Archive for June, 2006


On the R&D team

I've been working at Sidhe a week now, and I'm on the R&D team. While some of the other members are doing neato stuff like engine development and extending a level editor, I've been assigned to work on an in-house groupware tool.

As I was expecting, I probably won't get to do anything remotely glamorous until they know what my capabilities and weaknesses are. They did take a risk by hiring me after just a single phone interview. So it's fair enough really — I should stop bitching and give it my best.


No longer homeless

I have a flat. Just in time too, I start work tomorrow. Luckily it’s somewhat furnished: I have somewhere to sleep. I ran out of time, so it’s not a completely ideal pad (my sole flatmate is a heavy smoker, for one thing), but I’m pretty pleased nevertheless.

I’ve learnt my lesson, 4.5 days is not enough time to navigate an unfamiliar city, find a flat, and furnish the bedroom. Not enough time for me at least, I imagine a friendlier, less sullen, more car-owning person could probably do better.


Wellington weather

When I started mentioning the move to Wellington, a lot of Aucklanders pointed out that it was the middle of winter and said I’d need to buy wooly hats, gloves, etc.
Well, it’s been three days and I’m pretty much adjusted to the cold. I was expecting to be uncomfortable or something, but I guess the cold training I received from the bogan elders in the snowy wilderness of Invercargill has kicked in.


Wellington needs street signs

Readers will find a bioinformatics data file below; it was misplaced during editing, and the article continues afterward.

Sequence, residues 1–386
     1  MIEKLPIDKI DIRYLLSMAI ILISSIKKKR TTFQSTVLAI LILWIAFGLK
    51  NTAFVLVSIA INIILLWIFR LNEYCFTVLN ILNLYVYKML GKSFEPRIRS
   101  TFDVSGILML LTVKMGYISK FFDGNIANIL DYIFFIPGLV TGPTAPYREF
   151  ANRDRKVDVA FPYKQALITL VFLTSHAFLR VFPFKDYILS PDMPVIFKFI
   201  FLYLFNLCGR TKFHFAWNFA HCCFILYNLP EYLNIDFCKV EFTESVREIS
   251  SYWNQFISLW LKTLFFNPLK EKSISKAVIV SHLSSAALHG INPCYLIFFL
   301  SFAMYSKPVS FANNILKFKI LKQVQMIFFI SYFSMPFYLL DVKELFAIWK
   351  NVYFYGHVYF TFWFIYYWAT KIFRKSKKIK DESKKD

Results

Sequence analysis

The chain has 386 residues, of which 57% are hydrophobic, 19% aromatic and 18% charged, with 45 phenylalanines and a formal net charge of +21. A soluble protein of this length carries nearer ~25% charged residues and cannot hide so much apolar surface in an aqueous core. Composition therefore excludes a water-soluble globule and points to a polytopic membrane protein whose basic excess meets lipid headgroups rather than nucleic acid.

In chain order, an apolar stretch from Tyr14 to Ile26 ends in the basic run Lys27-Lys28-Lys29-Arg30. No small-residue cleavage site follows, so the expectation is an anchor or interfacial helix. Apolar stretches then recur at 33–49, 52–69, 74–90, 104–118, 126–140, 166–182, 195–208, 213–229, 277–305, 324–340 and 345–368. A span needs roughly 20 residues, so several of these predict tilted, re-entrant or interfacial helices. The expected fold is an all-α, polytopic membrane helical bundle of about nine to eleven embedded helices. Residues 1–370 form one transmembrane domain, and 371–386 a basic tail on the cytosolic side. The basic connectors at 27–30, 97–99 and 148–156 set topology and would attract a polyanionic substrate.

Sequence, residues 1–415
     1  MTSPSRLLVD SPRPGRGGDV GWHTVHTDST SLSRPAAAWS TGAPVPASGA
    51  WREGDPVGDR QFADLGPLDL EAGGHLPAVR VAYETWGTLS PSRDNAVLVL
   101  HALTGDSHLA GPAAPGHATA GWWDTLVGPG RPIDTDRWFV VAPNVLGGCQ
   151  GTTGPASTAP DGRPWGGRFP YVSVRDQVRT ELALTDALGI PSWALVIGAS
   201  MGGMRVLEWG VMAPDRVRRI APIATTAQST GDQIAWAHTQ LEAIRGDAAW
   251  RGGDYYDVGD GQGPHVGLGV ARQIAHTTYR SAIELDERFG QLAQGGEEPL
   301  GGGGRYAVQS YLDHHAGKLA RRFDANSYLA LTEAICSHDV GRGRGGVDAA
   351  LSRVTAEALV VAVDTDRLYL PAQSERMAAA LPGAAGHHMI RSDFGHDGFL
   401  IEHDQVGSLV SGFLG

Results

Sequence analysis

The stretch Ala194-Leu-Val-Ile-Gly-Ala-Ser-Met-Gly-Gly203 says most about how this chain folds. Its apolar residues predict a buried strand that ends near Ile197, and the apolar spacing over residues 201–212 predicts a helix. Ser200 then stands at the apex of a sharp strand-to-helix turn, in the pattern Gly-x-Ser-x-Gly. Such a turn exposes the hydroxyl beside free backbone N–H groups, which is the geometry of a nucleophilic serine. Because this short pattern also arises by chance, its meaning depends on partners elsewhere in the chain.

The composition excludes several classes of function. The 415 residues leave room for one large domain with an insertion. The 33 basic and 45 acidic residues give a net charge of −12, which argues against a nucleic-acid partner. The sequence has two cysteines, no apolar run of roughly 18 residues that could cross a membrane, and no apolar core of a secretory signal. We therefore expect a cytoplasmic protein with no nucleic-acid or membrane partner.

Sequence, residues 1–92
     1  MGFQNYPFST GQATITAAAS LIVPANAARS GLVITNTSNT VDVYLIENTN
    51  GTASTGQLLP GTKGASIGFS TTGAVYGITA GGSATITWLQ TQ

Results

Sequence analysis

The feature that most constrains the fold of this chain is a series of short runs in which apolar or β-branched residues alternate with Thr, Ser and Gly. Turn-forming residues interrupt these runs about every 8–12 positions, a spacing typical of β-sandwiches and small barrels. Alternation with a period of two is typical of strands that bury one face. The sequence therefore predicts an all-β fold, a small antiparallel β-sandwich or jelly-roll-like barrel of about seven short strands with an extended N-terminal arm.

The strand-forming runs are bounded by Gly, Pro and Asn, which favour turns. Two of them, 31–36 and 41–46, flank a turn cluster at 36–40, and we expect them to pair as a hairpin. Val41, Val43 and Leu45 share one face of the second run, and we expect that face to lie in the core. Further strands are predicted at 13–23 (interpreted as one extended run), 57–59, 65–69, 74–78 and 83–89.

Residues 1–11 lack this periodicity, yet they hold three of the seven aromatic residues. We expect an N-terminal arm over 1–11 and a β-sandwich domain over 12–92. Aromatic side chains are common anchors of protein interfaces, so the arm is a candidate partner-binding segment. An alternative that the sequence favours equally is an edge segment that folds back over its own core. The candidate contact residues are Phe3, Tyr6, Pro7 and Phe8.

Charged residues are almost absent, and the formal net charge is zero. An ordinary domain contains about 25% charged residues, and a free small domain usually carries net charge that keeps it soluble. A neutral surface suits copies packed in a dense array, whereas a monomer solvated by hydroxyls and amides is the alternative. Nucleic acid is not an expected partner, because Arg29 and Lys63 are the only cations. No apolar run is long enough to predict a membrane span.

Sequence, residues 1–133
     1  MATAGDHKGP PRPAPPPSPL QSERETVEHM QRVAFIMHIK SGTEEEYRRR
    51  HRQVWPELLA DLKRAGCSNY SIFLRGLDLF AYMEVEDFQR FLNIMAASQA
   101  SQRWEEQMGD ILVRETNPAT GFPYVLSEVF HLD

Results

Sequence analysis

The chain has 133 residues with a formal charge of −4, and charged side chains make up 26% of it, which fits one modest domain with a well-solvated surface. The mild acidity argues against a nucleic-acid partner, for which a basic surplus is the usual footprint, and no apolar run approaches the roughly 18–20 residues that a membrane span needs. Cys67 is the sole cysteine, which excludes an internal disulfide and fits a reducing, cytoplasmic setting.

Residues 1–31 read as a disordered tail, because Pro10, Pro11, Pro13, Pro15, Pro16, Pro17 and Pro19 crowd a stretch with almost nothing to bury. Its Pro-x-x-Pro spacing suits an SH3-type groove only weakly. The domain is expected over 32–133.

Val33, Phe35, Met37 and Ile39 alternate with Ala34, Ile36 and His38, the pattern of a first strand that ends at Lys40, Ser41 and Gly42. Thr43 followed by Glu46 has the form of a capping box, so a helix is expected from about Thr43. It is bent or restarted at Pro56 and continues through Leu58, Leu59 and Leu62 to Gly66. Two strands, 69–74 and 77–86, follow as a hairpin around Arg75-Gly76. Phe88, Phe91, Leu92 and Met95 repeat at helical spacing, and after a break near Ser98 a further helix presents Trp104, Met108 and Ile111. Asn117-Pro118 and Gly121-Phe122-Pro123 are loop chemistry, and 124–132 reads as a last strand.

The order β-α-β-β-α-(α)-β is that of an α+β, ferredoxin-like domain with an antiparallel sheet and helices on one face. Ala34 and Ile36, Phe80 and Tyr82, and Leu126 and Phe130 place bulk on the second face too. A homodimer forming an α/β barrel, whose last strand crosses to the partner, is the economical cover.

Is it me, or are only about half the streets in Wellington signposted? I’ve been attracting a lot of concerned stares from the other pedestrians from the way I’ve been staring intently into the scenery, looking for street signs. Where are they all? It’s not that they’ve been stolen by Massey students; the signposts just aren’t there. How on Earth do you folks drive in these conditions?


That’s not a flat, THIS is a flat…

Flathunting continues, without any tangible progress. I viewed a particularly strange flat on Blair St. It was just off Courtenay Pl. surrounded by bars. There was a small doorway leading to two flights of stairs. At the top there was a cavernous lounge and doors in every direction. The landlord told me it was a 16 bedroom place. Never in my pathetic sheltered existence have I seen a flat with even half as many bedrooms.

The room was nice enough, but obviously I didn’t get to meet all my 15 prospective flatmates. I asked one of the guys that was there whether any of the flatmates would have a say as to who moved in. He said it was pretty much a case of the first person to front up with the bond to the landlord. It’s kinda like a boarding house, or a hostel, but without a manager present and only one bathroom. What’s more, I don’t remember any locks on the bedroom doors.

Imagine one of your old high school classrooms, kick out one half of the pupils. Now imagine living with the remainder. It’d be a statistical near-impossibility for there not to be an asshole in the group. This place must have flatmate politics worthy of the Balkans. I didn’t see any UN peacekeepers so the international community might’ve already given up. The kitchen, well, it looked just how you’d imagine the kitchen of a 16 member student flat would look.

I really really have to find a flat soon, so I’d consider moving in, but I’ve got possessions I’d miss if they were stolen/drop kicked/buried/painted offensive colours.


New job

Well, I’m finally in the games industry.

I’ve taken a job programming for Sidhe, New Zealand’s largest games development company. They’re based in Wellington, and I’m in the middle of relocating.

All I know at this stage is that I’m programming, I don’t yet know the kind of project I’ll be working on, or which areas I’ll be involved in (i.e. tools, graphics, network, AI, and so on)

I’ve been at Clearfield for 3 years, and while it’s a superb environment for programmers, it wasn’t getting me any closer to writing games for a living. I love games, and I’ve always been keen to see inside “The Sausage Factory”, as Phil Steinmeyer puts it.